Gantz Tells Arabs They’re Equal But Can’t Join His Coalition

YERUSHALAYIM -
Blue and White chairman Benny Gantz. (Hadas Parush/Flash90)

Blue and White leader Benny Gantz has for months fended off attacks by Prime Minister Binyamin Netanyahu insisting that Gantz is a leftist who relies on Arab support for his electoral bid.

Now Gantz has made his position perfectly clear: “There is no reason I wouldn’t look Israeli Arabs in the eyes and say to them: You are equal and influential in every way,” Gantz said. But that he could not allow them into a Gantz-led coaltion, because of “diplomatic reasons,” according to The Jerusalem Post.

That, presumably was a reference to the virulent anti-Zionist stance of the Joint Arab List, which routinely takes the side of Israel’s enemies.

“There is no obstacle for me to take care of problems of violence in Arab society, in planning problems, in education problems,” Gantz explained. “I want to serve Arab society in Israel like every other citizen.”

Joint List chairman Ayman Odeh said recently that he would consider recommending Gantz as prime minister, but that he was unlikely to join the coalition, setting conditions for doing so that were improbable, such as ending “the occupation.”

Another politician the center-left leader said he could not coalesce with was Transportation Minister Bezalel Smotrich, a national-religious MK on the Yamina slate. “I have a problem with racist attitudes. People are people are people. A transportation minister who says his wife should not be cared for by an Arab midwife – that sounds racist to me. I’m against extremism and racism,” he said.

Last April, Smotrich tweeted that “it’s natural that my wife wouldn’t want to lie down [in a bed] next to a woman who just gave birth to a baby who might want to murder her baby twenty years from now.”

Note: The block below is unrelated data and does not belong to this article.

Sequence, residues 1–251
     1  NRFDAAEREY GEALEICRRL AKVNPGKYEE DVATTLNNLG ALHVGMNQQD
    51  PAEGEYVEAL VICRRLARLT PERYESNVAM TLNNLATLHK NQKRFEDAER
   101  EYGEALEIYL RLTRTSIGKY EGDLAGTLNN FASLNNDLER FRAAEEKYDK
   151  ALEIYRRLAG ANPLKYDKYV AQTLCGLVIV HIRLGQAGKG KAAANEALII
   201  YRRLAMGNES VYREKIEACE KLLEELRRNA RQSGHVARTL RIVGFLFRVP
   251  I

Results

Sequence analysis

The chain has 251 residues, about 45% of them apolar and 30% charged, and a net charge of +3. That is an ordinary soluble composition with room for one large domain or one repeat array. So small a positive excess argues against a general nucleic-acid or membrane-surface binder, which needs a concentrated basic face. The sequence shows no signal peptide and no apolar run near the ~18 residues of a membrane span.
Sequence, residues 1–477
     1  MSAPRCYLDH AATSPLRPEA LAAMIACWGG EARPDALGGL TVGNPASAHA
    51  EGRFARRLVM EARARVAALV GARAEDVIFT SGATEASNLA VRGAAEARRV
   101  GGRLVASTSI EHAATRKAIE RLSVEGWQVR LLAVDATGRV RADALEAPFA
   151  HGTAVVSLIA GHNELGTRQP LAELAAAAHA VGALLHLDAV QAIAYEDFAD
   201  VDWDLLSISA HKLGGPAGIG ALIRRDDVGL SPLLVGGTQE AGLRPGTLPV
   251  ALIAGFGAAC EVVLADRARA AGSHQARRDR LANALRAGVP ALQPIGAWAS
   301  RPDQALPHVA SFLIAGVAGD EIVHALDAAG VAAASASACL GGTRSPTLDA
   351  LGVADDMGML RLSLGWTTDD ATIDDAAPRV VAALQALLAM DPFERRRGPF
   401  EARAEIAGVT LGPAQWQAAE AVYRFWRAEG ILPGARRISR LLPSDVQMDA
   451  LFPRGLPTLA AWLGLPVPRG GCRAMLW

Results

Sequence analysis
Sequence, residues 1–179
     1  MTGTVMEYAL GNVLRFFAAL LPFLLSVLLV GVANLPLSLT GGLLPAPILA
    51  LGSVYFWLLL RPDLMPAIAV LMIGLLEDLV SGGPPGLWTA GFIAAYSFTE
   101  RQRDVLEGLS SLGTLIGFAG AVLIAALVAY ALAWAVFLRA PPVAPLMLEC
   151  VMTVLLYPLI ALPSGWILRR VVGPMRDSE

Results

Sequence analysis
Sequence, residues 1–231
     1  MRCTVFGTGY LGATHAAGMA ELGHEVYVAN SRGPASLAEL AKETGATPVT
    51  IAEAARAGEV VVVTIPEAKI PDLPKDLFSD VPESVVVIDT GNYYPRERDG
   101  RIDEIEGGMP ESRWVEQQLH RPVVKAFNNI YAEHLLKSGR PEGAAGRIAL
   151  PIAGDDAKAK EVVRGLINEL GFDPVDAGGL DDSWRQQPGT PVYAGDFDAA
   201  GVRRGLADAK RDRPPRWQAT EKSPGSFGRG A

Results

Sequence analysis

Meanwhile, the Democratic Union party was having its own issues with Israel’s Arabs.

Ali Salalha, a Druze representative from Meretz and a candidate on the Democratic Union list, resigned last week, saying that Arab voters will not give their vote to former prime minister Ehud Barak, a DU co-founder, Haaretz reported on Sunday.

Salalha wrote in his resignation letter that, “in light of the circumstances [that the Democratic Union has] created, and after consulting with my friends and supporters: Druze, Muslim and Christian Arabs of all regions, I have decided that my moral obligation was to resign and respect the will of those who gave me their vote last April,” according to media reports.

After Meretz joined DU, Salalha dropped from the 5th to the 20th spot on the list, virtually guaranteeing he would not sit in Knesset, as the party is not expected to reach double digits at all. “All of a sudden you drop the media star of the previous election – the legendary school principal that made the Druze school system the best in the country?” Salalha told Haaretz.

Salalha reportedly does not believe the Democratic Union will get significant support among Arab and Bedouin voters with Ehud Barak in its leadership, whom many Israeli Arabs blame for the killing of 12 Israeli citizens and one Palestinian in the October events of 2000 that led to the Second Intifada. Barak, who was prime minister at the time, apologized for his role in the incident earlier in the campaign.